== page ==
I'll be talking a fair bit about configuring the Ruby source code... And I'll show you how to do it as well. With luck, we'll finish this able to do lots of profiling, setting Ruby code options and whatnot.
(This post is basically for Unix, Mac and environments that are set up the same way like MinGW. If you're using an IDE and/or Visual Studio tools, it's probably not going to be a perfect match for you. And if you already know C, Make and Configure really well, and you already have a pretty good idea how the Ruby source code gets configured... You may not learn much here, but please feel free to critique in the comments below!)
If you're a Ruby programmer, you may not use C libraries very often. They can be painful. A big C project such as the Ruby interpreter (which is written in C) does a huge amount of checking what's available on your platform, what compiler options and flags are available, what functions are available in what libraries and hundreds or thousands of other things... I wrote about the problems with just OpenSSL (only one of those libraries) not long ago.
The way C solves this is with a long list of possible options, flags and dependencies. A program called "autoconf" builds a giant bash script called "configure", which builds a Makefile, which allows you to build, test and install Ruby. The fact that autoconf, bash and Make are essentially their own individual languages will probably seem barbaric if you're a Rubyist. But this all started so long ago that, um... Well, okay, we only pretend it ever made sense. And Ruby can't do it in Ruby because first you have to build Ruby. But autoconf/configure/make is available nearly everywhere, and mostly works. Ruby, like most other large C projects, uses this system.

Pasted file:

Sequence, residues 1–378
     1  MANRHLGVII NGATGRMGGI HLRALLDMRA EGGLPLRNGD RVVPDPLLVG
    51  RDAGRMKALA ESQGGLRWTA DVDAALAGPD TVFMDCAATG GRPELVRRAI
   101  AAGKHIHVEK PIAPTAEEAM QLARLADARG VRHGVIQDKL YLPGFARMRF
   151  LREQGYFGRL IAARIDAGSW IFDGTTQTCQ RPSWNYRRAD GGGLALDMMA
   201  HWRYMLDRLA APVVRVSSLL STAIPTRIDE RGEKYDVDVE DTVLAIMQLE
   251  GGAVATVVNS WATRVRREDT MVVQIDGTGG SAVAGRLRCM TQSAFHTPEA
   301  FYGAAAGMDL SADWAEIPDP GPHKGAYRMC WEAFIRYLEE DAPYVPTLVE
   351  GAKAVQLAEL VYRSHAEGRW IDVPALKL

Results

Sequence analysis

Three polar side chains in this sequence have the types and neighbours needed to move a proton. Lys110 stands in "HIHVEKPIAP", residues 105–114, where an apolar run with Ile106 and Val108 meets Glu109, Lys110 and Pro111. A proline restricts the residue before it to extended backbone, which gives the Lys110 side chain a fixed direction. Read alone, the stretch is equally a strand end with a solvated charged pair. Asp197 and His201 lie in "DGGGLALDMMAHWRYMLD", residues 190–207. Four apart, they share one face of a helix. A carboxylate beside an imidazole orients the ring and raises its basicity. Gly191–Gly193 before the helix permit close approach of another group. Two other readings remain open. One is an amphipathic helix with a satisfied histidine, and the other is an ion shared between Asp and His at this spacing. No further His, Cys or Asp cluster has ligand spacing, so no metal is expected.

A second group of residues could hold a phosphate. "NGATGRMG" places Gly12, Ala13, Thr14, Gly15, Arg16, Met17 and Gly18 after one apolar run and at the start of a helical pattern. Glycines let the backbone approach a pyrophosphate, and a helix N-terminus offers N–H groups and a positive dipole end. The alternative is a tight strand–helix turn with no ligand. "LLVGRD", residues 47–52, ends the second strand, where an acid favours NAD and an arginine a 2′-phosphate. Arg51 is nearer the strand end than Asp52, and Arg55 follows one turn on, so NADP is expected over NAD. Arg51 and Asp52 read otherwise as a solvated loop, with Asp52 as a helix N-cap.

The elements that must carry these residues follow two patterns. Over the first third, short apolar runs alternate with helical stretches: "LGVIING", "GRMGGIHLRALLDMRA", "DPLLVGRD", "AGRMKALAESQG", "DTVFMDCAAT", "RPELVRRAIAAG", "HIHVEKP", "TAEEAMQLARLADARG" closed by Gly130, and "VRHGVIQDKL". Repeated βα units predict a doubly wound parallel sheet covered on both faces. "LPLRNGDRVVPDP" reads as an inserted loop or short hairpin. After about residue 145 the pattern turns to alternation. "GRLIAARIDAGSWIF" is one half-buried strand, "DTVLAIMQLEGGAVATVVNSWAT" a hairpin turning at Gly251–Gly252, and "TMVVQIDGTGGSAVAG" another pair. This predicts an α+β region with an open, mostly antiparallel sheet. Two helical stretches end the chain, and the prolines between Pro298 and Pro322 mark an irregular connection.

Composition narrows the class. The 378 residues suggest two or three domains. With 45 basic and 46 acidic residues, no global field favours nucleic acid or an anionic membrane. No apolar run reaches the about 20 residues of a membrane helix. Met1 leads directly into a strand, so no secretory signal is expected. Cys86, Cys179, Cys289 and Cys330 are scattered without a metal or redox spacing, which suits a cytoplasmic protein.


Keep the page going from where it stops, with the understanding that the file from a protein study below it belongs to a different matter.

The basic short version of "what do I do?" goes like this:
autoconf # if there's no configure script in the current dir ./configure# with options, sometimes make # build the software make check # sometimes called "make test" or similar make install # to copy the program into place
This means that when you want to change how Ruby is built, you may need to change things during configuration, or during make, by setting environment variables for various things... It can be complicated. So let's talk about how that happens.
Command Line Arguments
The configure script takes a bunch of command line arguments. Some configure scripts use them for turning features on and off -- Ruby does a little of that, too. But it's not a coincidence that I didn't mention configure scripts when talking about fixing OpenSSL. You can use them to do a few things, though. Here are some chunks of the output of "./configure --help":
If this seems cryptic... You're not alone. It can be hard to figure out how to set an option. So let's talk about some Ruby-relevant ways to do that.
Compiling and Linking
When you build a C program, there are (usually) two passes. The basic C source files get compiled from a .c file into a .o file, called an "object file", which is an intermediate not-yet-runnable chunk of binary code. You can make an object file (or many of them) runnable by putting those pieces together into a single binary with a tool called a linker.
Or you can give the compiler the names of all your .c files originally (not just one,) and it will automatically compile them behind the scenes and run the linker for you. That's good too.
Most project do some of each -- building one .c at a time, or putting them all together in one command. Which means that the configure-and-Make stuff above needs to know which flags get used in which ways, because it needs to pass compiler flags or linker flags, but not the other kind. So we'll talk about several kinds of flags... And the difference between them is basically "compiler, linker or both?"
If you're trying to use a language feature, OS tweak or library that you found online, you'll need to know which type of flag it is. Sometimes you don't know and you have to use trial and error.
Here are some example types of flag, which I also got from "./configure --help":